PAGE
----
Whelk & the Horseshoe Crab
An emerging fishery for channeled whelks has created an environmental concern for the bait of choice, the horseshoe crab, whose stocks appear to be in decline. The Marine Advisory Program has taken a lead role in: 1) evaluating strategies designed to reduce the demand for horseshoe crabs, and 2) evaluating the performance of alternative baits.
Biotelemetry of Cownose Rays in Chesapeake Bay: Habitat Use and Ray Movement, VIMS Marine Resource Report No. 2015-17
Coherent approach to Busycon/Busycotypus fishery management along the US Atlantic seaboard, VIMS Marine Resource Report No. 2015-16
Age, Growth, Size at Sexual Maturity and Reproductive Biology of Channeled Whelk, Busycotypus canaliculatus, in the U.S. Mid-Atlantic, VIMS Marine Resource Report No. 2015-15
Black Sea Bass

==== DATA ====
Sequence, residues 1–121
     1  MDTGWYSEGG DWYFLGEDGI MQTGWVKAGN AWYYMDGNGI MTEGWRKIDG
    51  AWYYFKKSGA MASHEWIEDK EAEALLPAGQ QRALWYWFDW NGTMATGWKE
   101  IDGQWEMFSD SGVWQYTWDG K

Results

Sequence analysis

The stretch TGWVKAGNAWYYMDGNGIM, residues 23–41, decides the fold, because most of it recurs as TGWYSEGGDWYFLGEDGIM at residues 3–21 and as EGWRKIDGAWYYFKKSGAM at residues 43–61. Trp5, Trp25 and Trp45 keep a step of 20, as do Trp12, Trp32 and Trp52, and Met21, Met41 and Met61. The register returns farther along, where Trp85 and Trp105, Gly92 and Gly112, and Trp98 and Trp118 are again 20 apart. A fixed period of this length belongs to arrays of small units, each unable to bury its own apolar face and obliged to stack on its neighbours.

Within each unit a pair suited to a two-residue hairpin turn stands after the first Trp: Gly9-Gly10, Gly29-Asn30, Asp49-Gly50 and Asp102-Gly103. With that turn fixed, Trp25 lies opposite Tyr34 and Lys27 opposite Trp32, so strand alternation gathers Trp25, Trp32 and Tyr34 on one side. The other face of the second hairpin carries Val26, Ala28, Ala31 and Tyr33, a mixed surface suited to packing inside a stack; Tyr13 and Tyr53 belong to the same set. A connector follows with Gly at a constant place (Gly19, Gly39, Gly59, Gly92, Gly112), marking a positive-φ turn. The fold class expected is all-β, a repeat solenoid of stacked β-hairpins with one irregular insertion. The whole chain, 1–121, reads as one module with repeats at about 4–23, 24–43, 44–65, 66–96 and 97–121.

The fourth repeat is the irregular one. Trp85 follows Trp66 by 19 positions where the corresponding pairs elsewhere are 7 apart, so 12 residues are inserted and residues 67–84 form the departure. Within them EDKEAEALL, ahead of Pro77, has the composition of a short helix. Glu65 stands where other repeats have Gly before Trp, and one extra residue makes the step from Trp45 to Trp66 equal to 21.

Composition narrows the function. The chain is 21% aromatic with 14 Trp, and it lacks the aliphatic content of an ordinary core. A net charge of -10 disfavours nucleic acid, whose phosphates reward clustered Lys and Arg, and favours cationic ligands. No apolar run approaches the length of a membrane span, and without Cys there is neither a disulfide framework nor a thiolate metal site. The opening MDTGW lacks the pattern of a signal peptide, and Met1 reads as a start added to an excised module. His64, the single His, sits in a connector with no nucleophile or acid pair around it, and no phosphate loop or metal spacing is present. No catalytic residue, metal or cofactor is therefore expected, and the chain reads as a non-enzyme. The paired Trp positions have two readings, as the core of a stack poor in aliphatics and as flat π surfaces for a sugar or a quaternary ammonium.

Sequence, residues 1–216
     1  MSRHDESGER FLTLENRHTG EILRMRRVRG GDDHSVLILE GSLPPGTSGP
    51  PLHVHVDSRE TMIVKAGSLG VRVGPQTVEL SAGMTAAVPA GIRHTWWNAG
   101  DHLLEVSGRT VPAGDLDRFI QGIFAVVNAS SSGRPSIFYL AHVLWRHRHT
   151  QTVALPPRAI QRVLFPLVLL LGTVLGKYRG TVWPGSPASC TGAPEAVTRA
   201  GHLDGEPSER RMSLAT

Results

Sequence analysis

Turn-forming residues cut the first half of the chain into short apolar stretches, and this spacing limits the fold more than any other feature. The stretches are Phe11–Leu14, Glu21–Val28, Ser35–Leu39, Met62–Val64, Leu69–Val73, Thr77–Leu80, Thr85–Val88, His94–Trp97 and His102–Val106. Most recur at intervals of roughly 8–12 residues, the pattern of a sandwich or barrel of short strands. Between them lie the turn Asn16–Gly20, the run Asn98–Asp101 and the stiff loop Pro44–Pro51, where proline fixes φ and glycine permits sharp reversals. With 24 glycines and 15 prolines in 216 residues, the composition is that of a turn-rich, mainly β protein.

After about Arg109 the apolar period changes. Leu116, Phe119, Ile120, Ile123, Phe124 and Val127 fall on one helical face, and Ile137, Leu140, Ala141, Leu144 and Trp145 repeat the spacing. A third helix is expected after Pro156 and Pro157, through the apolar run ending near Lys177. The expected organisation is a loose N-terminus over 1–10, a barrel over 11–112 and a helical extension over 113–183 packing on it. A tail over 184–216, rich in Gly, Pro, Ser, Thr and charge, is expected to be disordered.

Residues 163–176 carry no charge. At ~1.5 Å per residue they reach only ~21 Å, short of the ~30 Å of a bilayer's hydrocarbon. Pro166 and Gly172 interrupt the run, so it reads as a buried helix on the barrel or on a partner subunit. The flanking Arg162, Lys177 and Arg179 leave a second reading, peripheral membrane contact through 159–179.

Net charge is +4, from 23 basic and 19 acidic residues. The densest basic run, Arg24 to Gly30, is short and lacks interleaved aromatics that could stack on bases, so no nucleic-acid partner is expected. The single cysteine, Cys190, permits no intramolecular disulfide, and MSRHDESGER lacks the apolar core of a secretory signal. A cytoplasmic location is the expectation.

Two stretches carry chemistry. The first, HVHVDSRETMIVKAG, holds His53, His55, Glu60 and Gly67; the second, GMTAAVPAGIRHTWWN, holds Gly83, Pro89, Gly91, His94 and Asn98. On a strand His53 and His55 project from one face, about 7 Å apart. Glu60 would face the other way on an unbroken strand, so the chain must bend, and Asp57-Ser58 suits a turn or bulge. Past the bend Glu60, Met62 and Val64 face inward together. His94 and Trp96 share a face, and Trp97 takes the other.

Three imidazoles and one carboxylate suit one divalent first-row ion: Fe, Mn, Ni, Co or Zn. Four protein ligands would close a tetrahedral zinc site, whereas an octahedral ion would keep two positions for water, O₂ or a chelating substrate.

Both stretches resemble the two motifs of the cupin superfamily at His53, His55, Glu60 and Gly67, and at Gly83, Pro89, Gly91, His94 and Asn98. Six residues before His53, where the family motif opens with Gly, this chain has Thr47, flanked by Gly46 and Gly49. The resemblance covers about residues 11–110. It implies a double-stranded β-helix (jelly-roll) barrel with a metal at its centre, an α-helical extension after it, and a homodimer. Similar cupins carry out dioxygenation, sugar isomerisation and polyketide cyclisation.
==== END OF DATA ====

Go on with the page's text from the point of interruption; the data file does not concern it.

The Black Sea Bass is a trap fishery active primarily off the seaside of Virginia’s Eastern Shore and off the Virginia Beach coast south to North Carolina. Stocks of black sea bass are in decline, and marine specialists have focused on trap design changes to reduce the taking of undersized fish. Currently, those modifications have been mandated for use in this fishery by the Virginia Marine Resources Commission.
Through the years, the director of the Marine Advisory Program has served as an advisor to several key committees charged with managing the sea scallop resource off the Mid-Atlantic and New England coasts. Research on the impacts of gear modifications and a rotational closure management strategy have significantly improved the outlook for the sea scallop fishery in the U.S. – one of the most lucrative sectors of commercial fishing in both the nation and the Commonwealth of Virginia.
Most recently, Virginia has taken a lead role in researching gear changes to reduce interactions between scallop dredge vessels and sea turtles. In field trials completed during the summer 2003, sea turtle interactions were cut dramatically as a result of these gear modifications. Cards explaining turtle resuscitation techniques and the rigging of gear modifications have now been placed aboard some 150 commercial vessels operating along the Atlantic Coast.